you mean because of the crypto rewards model? We appear to be entering the early stages of an era of splintering into dozens of locations to interact again and away from the giant centralized networks


That's part of it. The problem relating to centralized networks is trust or the lack thereof. Forcing or pressuring for collaboration through incentive structures - that are structured as Pyramid-Ponzi schemes - is highly successful early on because of the potential reward, relatively little risk individually. This kind of incentive structure however promotes all kinds of bad behaviour, which can only be managed through a central-trusted governance - so then we're back to square one.


Sounds interesting... But the overview doesn't say anything about what problems it solves or how... I think it should give some clue as to why one would read more unless you are only targeting people with this prior knowledge.


The linked page is just a technical document outlining the protocol. More general info on Diaspora can be found on the foundation's page: https://diasporafoundation.org/


I was curious, is Diaspora* used anywhere or by anyone?


FWIW, I've implemented it for a small enterprise, and for a local/private community. Neither are the overwhelming froth of activity you see on Facebook/Twitter (as you'd expect), but they're doing well!


What has been your experience with installing it? Is it stable?


Quite stable, in my experience. The main "problem" is that local communities are necessarily less active than the entire world. Facebook/Twitter actively work to make sure your feed is chock full of amazing things every time you log in. Your local community Diaspora* feels quiet even if the people you want to interact with are reasonably active.

Setting expectations is key.


I just setup an instance myself on Heroku. Not painless, but not too bad. I am thinking of trying to get my group of friends on there as a little social experiment in having an exclusive-club sort of social network. I also own the domain hnsocial.club and was hoping to setup a Diaspora instance there, tweak the look of it, and get the HN community to hopefully use it - would help a lot with network effects if a lot of HN people were just there. But have not gotten around to it.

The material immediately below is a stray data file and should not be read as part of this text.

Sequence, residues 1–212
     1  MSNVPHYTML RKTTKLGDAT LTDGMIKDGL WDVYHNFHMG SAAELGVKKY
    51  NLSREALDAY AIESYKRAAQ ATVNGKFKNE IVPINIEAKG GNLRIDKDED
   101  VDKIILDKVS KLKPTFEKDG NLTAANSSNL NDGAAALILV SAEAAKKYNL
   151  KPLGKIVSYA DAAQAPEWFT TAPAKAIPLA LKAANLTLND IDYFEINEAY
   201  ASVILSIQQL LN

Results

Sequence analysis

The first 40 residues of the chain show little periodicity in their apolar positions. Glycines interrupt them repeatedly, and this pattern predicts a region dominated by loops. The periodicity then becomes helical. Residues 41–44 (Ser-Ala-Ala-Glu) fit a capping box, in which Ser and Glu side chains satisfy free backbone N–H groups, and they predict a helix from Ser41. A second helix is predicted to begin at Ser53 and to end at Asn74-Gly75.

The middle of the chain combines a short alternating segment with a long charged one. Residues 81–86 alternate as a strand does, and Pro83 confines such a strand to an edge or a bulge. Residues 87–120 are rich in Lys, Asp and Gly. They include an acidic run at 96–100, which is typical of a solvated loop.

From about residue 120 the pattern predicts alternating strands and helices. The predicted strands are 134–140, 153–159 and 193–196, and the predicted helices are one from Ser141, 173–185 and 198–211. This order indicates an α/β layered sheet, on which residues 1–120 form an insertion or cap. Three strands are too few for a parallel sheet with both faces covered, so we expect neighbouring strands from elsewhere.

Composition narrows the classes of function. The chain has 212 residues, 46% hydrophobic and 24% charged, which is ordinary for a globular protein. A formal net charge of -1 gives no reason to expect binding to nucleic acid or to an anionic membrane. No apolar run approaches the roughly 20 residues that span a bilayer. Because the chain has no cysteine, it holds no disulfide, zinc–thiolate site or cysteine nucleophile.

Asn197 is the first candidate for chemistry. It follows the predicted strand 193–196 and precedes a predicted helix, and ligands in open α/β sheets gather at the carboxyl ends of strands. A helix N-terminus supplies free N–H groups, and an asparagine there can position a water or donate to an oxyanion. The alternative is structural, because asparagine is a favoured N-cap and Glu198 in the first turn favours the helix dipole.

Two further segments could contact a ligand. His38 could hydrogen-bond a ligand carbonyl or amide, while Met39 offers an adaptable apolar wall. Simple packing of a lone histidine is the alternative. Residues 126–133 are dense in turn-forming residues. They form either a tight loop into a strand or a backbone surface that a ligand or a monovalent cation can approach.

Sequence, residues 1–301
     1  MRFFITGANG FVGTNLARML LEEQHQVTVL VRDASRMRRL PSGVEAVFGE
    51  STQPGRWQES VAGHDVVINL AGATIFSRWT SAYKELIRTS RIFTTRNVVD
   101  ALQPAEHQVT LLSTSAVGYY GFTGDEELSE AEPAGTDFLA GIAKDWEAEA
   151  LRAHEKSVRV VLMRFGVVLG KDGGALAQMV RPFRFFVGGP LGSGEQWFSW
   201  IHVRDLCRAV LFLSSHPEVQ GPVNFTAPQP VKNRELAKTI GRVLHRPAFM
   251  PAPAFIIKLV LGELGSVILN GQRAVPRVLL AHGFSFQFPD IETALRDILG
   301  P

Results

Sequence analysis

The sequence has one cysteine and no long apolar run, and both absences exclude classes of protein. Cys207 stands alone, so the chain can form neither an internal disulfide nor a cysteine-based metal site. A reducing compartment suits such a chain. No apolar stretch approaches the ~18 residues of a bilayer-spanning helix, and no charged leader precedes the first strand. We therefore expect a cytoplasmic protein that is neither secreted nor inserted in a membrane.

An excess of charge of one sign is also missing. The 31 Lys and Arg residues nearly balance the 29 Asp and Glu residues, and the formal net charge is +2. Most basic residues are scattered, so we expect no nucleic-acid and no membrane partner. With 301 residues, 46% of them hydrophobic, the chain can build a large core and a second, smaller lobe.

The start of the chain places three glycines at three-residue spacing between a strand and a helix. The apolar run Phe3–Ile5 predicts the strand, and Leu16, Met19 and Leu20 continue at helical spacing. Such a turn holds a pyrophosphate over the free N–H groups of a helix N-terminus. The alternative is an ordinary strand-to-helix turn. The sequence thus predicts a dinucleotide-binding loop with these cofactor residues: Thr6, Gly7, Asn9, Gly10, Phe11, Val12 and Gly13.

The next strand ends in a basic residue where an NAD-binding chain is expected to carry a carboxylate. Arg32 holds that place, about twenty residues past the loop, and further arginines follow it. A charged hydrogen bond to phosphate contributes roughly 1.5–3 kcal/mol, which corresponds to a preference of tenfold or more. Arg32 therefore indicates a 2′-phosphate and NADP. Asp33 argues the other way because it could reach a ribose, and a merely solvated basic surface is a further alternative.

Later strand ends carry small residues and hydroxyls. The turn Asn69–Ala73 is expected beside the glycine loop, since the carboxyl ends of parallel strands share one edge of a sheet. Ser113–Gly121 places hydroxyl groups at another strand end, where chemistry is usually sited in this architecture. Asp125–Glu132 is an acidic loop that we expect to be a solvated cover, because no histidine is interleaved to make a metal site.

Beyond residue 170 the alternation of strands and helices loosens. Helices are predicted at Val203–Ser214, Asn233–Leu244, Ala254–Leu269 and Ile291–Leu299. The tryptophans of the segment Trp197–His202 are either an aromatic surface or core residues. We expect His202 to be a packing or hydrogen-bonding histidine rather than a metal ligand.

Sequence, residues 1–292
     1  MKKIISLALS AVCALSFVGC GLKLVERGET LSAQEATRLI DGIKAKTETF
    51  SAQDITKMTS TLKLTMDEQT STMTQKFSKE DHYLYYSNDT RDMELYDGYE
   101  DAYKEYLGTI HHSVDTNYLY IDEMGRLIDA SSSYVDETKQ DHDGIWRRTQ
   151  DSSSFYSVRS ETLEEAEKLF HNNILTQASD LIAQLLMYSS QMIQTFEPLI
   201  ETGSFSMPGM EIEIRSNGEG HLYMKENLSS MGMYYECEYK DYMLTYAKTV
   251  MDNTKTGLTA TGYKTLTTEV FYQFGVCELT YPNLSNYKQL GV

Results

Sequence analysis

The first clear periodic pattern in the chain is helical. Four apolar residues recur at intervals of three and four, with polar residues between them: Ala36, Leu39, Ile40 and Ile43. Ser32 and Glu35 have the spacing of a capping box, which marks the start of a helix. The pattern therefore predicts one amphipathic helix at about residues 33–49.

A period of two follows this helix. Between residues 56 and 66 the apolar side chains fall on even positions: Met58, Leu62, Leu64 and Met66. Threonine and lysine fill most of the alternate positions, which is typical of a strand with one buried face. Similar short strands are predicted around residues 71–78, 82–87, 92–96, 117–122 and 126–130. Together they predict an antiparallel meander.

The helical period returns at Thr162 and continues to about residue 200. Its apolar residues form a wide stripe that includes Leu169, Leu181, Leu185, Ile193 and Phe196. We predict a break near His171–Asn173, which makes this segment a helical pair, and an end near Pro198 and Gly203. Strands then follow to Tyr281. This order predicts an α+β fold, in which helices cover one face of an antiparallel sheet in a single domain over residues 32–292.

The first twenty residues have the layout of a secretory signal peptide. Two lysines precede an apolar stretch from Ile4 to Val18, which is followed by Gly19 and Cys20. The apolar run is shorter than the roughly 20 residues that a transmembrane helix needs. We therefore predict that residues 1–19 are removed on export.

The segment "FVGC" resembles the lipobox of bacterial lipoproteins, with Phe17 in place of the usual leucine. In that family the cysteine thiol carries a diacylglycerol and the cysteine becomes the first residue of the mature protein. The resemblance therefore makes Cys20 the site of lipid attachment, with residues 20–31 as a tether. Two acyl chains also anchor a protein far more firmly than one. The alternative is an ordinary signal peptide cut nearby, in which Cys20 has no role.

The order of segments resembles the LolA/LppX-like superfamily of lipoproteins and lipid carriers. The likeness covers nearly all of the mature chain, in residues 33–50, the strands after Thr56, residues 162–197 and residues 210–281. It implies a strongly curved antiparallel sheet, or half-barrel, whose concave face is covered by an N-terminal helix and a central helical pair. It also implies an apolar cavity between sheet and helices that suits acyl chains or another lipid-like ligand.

Here are some of Diaspora* federated instances.

https://the-federation.info/diaspora


What can you do with Diaspora? It looks like you can post text and images, share it with people, and they can comment on it and like it.

What else? I mean, they've been building it for nearly 8 years now, so presumably there's a tonne more you can do with it?

I don't know if it's just hidden, but is there really still no events functionality?


As far as I know, Diaspora still does not have events functionality.

Two other federated, free, and open social networking platforms that do have events functionality are Friendica and Hubzilla.

https://friendi.ca/

https://project.hubzilla.org/page/hubzilla/hubzilla-project

I have not looked too much into Hubzilla, but I set up a test Friendica account and was very impressed! My first thought was, "this is so much better than Diaspora. How did Diaspora get all the news coverage?"

They were both developed by Mike Macgirvin, a former Facebook employee who left in early 2010 because he was "...was increasingly concerned about the directions they were taking related to personal privacy." That quote is from a very interesting interview with him about federated social networking at:

https://medium.com/we-distribute/got-zot-mike-macgirvin-4528...

I discovered all this through the "Fediverse.party" website:

https://fediverse.party/

HN Discussion about Fediverse.party:

https://news.ycombinator.com/item?id=16667050

Edit: formatting, typos, clarity


Friendica has events, and can federate with Diaspora.


Is it feasible to interoperate with Facebook? Use a disporia client and still see Facebook friends in your feed and messenger?


Diaspora can optionally pull some information from Facebook, but nowhere to that extent. It might allow you to connect with FB friends who also use Diaspora, though, so if that's the cast it'd help people migrate.